Notwithstanding a decline in risk sentiment that caused US stocks to decline on the first day of US trading, energy traders bought anyway.
Yet, optimistic economic data from the US and remarks in favor of growth from Chinese leaders supported the economically delicate prices of oil. Overnight US durables data exceeded analysts’ predictions. A gauge for business expenditure, durable goods orders with the exception of transportation and defense orders increased 0.5% month over month in the previous month, exceeding the 0.3% Bloomberg consensus expectation. By demonstrating the underlying soundness of US manufacturing activity, the shock allayed concerns over an impending recession.
China is also expected to provide more accommodating support to the Asia-Pacific area. Governor of the People’s Bank of China Yi Gang promised to boost financial assistance for the economy. The PBOC has indeed been cautious in its stance on easing policy up to this point, but the statement might be meant to get the markets ready for more easing measures in the coming months.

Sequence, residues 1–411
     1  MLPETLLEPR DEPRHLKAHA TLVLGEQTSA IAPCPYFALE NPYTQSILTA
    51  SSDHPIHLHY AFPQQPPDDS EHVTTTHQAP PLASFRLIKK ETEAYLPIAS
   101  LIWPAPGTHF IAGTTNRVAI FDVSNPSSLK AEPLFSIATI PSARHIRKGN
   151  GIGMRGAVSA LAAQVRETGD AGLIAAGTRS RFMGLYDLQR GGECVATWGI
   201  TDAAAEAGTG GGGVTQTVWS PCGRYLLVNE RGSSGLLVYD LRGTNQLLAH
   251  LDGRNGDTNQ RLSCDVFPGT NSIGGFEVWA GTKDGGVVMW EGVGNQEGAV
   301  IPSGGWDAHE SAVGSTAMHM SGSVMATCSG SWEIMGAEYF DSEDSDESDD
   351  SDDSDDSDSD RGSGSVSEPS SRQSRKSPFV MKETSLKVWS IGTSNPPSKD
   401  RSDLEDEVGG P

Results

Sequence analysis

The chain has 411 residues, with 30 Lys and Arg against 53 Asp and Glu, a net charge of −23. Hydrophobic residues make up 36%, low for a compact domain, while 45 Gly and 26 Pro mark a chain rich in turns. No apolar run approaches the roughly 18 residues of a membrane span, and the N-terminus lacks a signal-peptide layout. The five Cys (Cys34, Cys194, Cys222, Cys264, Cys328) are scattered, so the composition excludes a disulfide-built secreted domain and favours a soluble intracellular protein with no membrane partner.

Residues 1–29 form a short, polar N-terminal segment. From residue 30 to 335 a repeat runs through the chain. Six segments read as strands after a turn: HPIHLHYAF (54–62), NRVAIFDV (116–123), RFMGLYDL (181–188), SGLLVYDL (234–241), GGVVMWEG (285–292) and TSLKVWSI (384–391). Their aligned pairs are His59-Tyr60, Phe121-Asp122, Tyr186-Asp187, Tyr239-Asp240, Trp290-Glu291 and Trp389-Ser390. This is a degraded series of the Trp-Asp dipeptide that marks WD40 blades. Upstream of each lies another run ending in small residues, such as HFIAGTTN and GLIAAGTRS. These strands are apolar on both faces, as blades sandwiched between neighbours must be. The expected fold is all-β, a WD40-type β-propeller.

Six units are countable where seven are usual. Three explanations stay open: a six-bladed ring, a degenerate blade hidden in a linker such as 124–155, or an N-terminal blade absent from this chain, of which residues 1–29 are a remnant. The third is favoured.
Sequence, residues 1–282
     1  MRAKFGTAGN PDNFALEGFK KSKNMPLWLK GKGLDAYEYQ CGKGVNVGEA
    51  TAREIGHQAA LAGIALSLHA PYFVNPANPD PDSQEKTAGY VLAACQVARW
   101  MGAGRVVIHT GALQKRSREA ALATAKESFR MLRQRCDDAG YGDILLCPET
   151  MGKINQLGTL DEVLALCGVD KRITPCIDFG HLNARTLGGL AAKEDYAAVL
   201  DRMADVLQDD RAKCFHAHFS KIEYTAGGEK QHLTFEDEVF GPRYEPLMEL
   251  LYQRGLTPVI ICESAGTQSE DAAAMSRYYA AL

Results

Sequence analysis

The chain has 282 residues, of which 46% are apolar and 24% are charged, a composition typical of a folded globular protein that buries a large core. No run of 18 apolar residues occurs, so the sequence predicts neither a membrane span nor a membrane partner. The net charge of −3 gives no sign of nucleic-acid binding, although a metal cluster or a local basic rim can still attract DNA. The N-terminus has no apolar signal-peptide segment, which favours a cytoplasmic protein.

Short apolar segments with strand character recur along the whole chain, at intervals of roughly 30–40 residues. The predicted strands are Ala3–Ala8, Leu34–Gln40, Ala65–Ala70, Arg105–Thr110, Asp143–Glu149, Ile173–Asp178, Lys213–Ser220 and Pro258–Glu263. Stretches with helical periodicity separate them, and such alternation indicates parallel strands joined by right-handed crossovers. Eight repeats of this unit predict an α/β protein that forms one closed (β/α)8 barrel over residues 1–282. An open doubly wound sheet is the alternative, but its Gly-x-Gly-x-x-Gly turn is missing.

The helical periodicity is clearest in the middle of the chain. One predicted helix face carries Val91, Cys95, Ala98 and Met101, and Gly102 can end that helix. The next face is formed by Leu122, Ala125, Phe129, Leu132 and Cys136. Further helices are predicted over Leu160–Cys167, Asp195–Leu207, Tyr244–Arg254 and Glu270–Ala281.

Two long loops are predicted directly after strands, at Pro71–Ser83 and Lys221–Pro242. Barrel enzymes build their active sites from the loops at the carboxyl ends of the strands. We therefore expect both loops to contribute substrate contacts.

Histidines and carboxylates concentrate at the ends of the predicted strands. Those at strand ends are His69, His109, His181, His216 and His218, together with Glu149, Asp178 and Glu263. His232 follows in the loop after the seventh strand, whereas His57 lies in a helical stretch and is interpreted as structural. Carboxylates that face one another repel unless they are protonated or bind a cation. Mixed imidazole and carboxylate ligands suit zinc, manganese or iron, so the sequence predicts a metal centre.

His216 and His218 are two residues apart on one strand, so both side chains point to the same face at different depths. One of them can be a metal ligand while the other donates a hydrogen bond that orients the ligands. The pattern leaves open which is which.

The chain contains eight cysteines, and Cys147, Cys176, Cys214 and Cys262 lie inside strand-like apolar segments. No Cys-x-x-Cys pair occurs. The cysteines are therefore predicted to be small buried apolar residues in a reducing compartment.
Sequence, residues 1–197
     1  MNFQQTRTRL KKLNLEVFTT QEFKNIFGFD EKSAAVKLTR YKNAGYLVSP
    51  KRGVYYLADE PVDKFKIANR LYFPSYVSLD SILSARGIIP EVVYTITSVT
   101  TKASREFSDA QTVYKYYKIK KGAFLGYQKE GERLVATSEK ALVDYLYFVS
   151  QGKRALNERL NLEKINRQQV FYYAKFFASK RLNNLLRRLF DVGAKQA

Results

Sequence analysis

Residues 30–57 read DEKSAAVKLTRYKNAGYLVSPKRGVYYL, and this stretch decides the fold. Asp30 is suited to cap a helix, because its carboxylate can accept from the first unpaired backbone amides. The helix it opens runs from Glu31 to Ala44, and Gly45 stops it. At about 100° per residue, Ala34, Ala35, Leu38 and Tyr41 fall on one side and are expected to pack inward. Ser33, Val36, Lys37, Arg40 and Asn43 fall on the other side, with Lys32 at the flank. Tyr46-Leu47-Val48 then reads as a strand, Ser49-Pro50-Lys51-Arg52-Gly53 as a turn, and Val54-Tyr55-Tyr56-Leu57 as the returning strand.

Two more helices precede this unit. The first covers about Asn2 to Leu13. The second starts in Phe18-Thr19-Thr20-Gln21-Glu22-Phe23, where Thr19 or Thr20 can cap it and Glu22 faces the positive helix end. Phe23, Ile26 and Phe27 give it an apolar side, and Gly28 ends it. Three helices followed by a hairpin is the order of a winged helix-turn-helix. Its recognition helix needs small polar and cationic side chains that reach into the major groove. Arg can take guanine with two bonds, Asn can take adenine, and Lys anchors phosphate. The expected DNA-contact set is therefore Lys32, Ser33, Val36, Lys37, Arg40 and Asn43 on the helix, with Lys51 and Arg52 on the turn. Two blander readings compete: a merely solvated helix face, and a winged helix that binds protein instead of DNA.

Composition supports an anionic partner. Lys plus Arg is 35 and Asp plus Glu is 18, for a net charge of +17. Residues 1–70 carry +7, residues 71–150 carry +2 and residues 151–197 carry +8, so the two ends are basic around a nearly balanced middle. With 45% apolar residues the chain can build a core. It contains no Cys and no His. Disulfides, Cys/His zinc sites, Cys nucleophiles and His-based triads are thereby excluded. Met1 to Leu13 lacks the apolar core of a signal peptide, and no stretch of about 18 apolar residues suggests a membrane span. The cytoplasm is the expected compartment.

In contrast to most other countries, China has fairly low inflation, which gives the PBOC considerable leeway to decrease interest rates. In May, the Chinese central bank lowered the minimum mortgage rate for first-time home buyers by 20 bps, which was followed by a 15 bps reduction in the 5-year Loan Prime Rate (LPR). Though Mr. Gang’s statement itself appears to be sufficient to offer some optimism for prices, subsequent cuts are anticipated to spur economic development, which would boost the demand for oil.
For the last, US inventory data will be made public by the American Petroleum Institute (API) on June 28. The week before last saw a solid 5.61 million barrel rise in crude stocks, the largest weekly rise since February 2022. A comparable inventory gain indicated by tonight’s data would act as a catalyst for oil prices to increase. The Energy Information Administration’s weekly report is still being held up indefinitely while it works through server-related technical difficulties. Energy traders are left with a sizable information vacuum as a result of this information gap, making the API data even more important in the short term. Nevertheless, the API announcement on June 28 might affect crude prices more significantly than usual.